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make your day dance

Assessing dance while unleashing creative chaos

March 16th, 2009 · 1 Comment · Tags: ··

Anyone happening into my classroom this week might think, or yell, “What’s going on here?!”  Get the creative juices bubbling in 28 children, and you’re gonna have some moments of chaos…

Students in intermediate classes just now are completing Classroom-Based Assessments in Theatre & Dance, which call for the choreography of solos. As quiet and focused as the process may be during directions and question-answering, it’s wild once the choreography begins… Our stage, generous enough for group improvisations and lines crossing the floor, is more akin to a public swimming pool on a really hot day as soon as 25-30 students start rehearsing independently.  There’s noise, jumping, diving, spinning, and general commotion. There might even be one or two running on the side of the pool (or doing something equally verboten according to dance class standards, like tagging someone hard as they go by). Anyone’s first impression on walking into the room — and mine too, even though I’ve been there all along — would be that they’re totally out of control.

But look again. Most of them are miraculously avoiding collision; some are avoiding collisions while doing fabulous leaps and turns; most of them look like they’re concentrating. A few are talking, but as I think to admonish them back to solo work, I overhear them giving each other advice: “I’ll watch first, then you watch me” or “you didn’t hold your final shape long enough,” …following the natural creative process of trying something out and getting feedback.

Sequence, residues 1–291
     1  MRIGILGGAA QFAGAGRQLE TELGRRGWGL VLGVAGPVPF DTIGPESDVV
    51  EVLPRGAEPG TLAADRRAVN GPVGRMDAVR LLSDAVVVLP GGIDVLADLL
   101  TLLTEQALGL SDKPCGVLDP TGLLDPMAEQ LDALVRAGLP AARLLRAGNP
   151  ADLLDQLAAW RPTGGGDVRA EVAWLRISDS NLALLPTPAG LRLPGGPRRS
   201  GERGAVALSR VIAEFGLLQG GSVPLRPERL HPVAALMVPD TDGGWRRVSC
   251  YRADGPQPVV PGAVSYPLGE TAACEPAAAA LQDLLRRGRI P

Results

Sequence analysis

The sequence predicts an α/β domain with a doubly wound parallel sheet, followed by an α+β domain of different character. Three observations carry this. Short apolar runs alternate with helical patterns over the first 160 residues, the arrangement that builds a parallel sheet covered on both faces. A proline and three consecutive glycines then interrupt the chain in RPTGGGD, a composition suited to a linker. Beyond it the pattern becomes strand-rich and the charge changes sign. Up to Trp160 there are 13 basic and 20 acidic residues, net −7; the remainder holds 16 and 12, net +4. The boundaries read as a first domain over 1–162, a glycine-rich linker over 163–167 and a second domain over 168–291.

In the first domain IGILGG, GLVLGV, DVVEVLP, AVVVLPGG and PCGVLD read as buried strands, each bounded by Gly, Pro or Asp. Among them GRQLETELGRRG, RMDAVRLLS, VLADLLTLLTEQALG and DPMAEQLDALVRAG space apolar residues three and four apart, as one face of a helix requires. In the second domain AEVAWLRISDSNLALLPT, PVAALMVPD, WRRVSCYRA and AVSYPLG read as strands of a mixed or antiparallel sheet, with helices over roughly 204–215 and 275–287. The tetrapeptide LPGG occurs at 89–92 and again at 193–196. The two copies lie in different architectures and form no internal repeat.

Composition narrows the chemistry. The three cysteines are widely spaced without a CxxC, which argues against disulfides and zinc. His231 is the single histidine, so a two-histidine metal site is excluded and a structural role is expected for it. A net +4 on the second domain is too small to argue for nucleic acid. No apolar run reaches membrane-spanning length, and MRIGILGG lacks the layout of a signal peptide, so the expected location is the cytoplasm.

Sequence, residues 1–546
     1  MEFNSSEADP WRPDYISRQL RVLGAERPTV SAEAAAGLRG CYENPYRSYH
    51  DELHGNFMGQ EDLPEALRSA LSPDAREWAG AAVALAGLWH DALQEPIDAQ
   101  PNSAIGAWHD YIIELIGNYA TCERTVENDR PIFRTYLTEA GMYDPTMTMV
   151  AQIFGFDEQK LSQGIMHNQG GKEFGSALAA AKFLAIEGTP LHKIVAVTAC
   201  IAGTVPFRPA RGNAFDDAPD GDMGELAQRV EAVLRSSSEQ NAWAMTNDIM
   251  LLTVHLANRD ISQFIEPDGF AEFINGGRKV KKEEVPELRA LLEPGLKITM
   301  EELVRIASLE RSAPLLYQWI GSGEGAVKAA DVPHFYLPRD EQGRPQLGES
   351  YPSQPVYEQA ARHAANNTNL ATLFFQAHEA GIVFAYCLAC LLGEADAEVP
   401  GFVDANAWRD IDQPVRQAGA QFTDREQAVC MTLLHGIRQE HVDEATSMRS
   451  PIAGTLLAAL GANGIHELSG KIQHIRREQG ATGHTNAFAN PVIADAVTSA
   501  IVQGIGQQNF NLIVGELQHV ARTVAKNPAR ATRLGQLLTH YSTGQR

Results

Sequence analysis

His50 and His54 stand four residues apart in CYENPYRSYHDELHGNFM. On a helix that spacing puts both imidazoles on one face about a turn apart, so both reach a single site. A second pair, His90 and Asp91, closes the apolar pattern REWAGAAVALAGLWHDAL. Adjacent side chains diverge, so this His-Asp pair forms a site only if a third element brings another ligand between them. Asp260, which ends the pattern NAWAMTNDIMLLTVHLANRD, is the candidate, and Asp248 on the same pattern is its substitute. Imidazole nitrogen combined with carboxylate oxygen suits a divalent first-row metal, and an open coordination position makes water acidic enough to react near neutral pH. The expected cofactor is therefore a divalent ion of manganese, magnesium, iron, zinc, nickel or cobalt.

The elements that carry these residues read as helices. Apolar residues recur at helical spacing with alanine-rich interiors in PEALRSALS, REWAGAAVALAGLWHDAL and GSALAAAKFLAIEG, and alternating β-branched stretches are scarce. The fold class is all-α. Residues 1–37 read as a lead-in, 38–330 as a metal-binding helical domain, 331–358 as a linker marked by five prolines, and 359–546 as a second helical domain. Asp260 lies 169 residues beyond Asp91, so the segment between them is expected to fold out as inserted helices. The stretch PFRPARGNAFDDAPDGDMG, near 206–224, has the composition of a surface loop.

Most of them are working…!  Hard. Tomorrow I teach them how to score choreography according to a rubric, and then, understanding what’s called for, they really get focussed. Final step is videotaping their dances — a step they claim to hate but actually seem to enjoy.

By the end of the week, the hubbub will be over, I will have captured their abilities on tape for this moment in their development, and almost every one of them will have successfully created, performed, and explained their own dance. Despite the extraordinarily noisy process, that’s what going on.

*5th graders are doing “Poetry in Motion,” choreographing dances based on poetry.  One 3rd-4th grade classes is doing “Greetings, Sister City!“, a theatre assessment adjusted for dance with the addition of a choreography rubric emphasizing movement. And the other 3rd-4th grade class is doing “Shape It Up,” choreographing dances based on geometric shapes.

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